The Senate Judiciary Committee approved today a proposal by Sen. Charles E. Schumer (D-N.Y.) to expand background checks. The proposal passed committee by a 10-8 vote due to support from Democrats. Schumer is said to be working with Republican Mark Kirk (R-Ill.) on rewriting the background check bill to attract more bipartisan support, an act that has upset the ranking Republican on the committee, Sen. Chuck Grassley (R-Iowa):
"We were told there was such widespread support for universal background checks that a bipartisan bill would be on its inevitable way to passage. Instead, three of the four senators involved in those discussions do not endorse this bill."
The background proposal would expand background checks to include private sales between individuals. It would also require states and federal agencies to report records concerning convicted felons, individuals with major mental health problems, and drug abusers to the federal background check system. Schumer says the bill explicitly says there will be no national registration or confiscation of guns. The bill also exempts transactions between family members and weapons loaned out for sport.
Another proposal to enhance school safety passed with more bipartisan support with a vote of 14-4. That bill would increase the amount of money dedicated to school safety initiatives to $40 million dollars. Last week the panel voted 11-7 to crack down on "straw" purchases of weapons. This would prohibit individuals from buying guns from people legally not allowed to have them.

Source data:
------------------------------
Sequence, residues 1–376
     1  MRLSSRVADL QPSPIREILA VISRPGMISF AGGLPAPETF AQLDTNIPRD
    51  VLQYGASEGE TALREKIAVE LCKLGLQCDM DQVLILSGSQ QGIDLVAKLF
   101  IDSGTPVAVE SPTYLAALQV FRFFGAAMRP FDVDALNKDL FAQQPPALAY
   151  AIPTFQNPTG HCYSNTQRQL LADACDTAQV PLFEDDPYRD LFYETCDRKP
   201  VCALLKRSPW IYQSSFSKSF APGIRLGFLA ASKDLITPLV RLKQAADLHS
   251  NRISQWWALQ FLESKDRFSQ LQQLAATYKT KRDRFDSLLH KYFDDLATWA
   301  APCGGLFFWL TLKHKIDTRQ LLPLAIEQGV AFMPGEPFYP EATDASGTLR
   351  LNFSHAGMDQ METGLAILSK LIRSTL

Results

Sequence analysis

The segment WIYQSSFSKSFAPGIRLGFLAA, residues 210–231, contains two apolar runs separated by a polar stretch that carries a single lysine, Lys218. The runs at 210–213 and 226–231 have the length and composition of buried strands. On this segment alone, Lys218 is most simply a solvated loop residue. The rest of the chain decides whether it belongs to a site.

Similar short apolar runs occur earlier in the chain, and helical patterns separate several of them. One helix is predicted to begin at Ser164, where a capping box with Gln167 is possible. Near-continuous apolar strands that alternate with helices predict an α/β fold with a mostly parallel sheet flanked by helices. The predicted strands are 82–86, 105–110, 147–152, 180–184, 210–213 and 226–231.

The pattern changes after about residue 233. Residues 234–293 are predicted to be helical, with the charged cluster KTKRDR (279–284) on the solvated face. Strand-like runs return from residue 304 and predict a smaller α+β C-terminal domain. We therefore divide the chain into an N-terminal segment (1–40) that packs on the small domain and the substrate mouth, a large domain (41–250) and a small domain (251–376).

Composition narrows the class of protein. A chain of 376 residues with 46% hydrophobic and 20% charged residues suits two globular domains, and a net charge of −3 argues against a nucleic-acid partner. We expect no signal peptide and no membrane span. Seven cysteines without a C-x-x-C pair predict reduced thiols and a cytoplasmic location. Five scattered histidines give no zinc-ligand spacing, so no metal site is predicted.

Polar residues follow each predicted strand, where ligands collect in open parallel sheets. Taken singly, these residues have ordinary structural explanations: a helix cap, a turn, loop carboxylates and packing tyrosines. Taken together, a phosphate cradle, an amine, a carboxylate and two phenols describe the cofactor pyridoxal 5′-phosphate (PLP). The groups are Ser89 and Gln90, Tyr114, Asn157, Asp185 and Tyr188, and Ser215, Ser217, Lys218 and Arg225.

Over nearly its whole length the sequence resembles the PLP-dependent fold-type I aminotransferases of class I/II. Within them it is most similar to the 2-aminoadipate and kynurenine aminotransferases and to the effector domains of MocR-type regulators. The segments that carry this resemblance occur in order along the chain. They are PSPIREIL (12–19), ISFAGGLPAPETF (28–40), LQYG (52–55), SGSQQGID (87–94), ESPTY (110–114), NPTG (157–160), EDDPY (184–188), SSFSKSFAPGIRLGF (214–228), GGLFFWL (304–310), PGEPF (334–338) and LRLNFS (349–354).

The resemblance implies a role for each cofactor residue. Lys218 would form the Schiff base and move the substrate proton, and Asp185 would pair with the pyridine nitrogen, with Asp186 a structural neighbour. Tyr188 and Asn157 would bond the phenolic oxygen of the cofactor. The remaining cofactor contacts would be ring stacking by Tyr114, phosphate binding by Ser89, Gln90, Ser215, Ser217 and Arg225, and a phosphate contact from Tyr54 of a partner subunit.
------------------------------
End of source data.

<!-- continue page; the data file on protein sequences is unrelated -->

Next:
The committee is expected to finish full consideration of the other components of the assault weapons ban on March 14. This will include whether or not to ban high-capacity magazines. The three bills must move out of committee before heading to the Senate floor for full consideration. If they make it out of the Senate they will move to the Republican-controlled House.
There is no question that the final bill(s) will look substantially different than what we are now seeing passed in Democratic controlled Senate Judicial Committee. Whether or not that's good or bad remains up for debate.